COVID-19: ESMA statement on calculating expected credit losses in accordance with IFRS 9

On 25 March 2020, ESMA published a statement (ESMA32-63-951) on the implications of COVID-19 on calculating expected credit losses in accordance with International Financial Reporting Standard 9 (IFRS 9).

ESMA has issued the statement to promote consistent application of IFRS in the EU and avoid divergence in practice on the application of IFRS 9 in the specific context of COVID-19. In particular, the statement addresses the accounting implications of the measures taken or proposed by national governments and EU bodies to address the adverse systemic economic impact of COVID-19.

ESMA notes that issuers may be providing measures on a voluntary basis to borrowers in the context of COVID-19. These may take the form of renegotiations, rollovers or rescheduling of cash-flows that may or may not have an impact on the net present value of the cash-flows.

ESMA advises issuers to carefully consider the related impact on financial reporting, in particular with respect to the IFRS 9 requirements. In ESMA's view, the principles-based nature of IFRS 9 includes sufficient flexibility to faithfully reflect the specific circumstances of the COVID-19 outbreak and the associated public policy measures. The statement addresses:

  • accounting for the modifications resulting from the introduction of the support measures;
  • assessment of significant increase in credit risk (SICR);
  • Expected Credit Loss (ECL) estimation;
  • public guarantees on issuers’ exposures; and
  • transparency.

For further information on the audit of financial statements in the context of COVID-19, ESMA refers to the recent statement published by the Committee of European Auditing Oversight Bodies (CEAOB).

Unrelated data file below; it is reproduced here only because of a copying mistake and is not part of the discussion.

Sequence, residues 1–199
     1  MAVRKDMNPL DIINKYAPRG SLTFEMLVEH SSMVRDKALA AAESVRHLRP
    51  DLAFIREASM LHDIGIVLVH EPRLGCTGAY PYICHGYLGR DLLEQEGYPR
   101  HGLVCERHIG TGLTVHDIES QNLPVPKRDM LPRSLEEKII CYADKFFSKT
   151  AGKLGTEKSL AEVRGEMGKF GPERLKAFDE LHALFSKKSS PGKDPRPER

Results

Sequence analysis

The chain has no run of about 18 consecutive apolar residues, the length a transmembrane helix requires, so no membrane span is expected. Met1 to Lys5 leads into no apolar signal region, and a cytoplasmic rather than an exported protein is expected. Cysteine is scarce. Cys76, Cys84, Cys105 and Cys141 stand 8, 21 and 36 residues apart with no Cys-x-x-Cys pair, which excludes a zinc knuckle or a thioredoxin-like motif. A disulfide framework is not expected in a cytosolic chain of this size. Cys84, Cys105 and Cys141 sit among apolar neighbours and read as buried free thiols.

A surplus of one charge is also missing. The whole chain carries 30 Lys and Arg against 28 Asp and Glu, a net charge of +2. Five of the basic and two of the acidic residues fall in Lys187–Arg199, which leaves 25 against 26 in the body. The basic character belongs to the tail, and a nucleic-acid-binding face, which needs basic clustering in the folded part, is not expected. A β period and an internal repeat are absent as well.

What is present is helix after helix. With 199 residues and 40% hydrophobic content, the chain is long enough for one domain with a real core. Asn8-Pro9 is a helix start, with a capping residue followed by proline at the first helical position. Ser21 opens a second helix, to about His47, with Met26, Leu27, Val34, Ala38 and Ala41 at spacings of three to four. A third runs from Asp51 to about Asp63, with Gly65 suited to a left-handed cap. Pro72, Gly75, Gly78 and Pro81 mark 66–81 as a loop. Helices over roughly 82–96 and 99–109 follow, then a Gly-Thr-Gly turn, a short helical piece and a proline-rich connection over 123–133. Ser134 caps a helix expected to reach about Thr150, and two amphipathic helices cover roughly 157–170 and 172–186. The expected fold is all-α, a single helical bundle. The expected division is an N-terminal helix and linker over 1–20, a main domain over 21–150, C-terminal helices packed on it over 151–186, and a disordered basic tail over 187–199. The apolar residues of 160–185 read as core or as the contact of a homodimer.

ESMA's statement addresses solely financial reporting aspects. It has co-ordinated with the European Banking Authority (EBA), which has issued a statement on the prudential framework in light of the COVID-19 measures. ESMA advises that both statements are consistent as regards to financial reporting.

COVID-19: ESMA and FCA revise supervisory approach to SFTR reporting obligations

On 26 March 2020, ESMA published a revised version of its statement on a coordinated supervisory approach to the application of the Securities Finance Transactions Regulation (SFTR). ESMA has updated the statement in response to feedback from financial market participants and stakeholders.

The revised statement clarifies that securities finance transactions (SFTs) concluded between 13 April 2020 and 13 July 2020 and SFTs subject to backloading under the SFTR also fall within the issues that competent authorities are not expected to prioritise in their supervisory actions. This applies to actions in respect of counterparties, entities responsible for reporting and investment firms in respect of their reporting obligations under the SFTR or MiFIR and to generally apply their risk-based approach in the exercise of supervisory powers in their day-to-day enforcement of applicable legislation in this area in a proportionate manner.

The FCA has updated its webpage on the SFTR to confirm that it has also updated its approach to supervisory reporting to align with ESMA's revised approach. The FCA confirms that it will not prioritise supervision relating to the reporting of SFTs for firms to which the backloading requirement specified in Article 4(1)(a) applies.

EMIR Refit Regulation: ESMA consults on post-trade risk reduction services

Further to a mandate in EMIR (define), ESMA has published a consultation paper seeking input on whether any trades that directly result from post-trade risk reduction services (PTRR services), including portfolio compression, should be exempted from the clearing obligation referred to in Article 4(1) of EMIR.

In particular, ESMA seeks views of stakeholders on the different types of PTRR services being offered, their purpose and whether there is a need for the new trades that these may generate to be exempted from the EMIR clearing obligation, and if such an exemption could lead to the risk of some counterparties circumventing the clearing obligation.

The consultation closes on 15 June 2020. ESMA will consider the feedback it receives in Q2 2020 and is aiming to publish a final report to the Commission in mid-2020.

EMIR Refit Regulation: ESMA consults on draft technical standards relating to trade repositories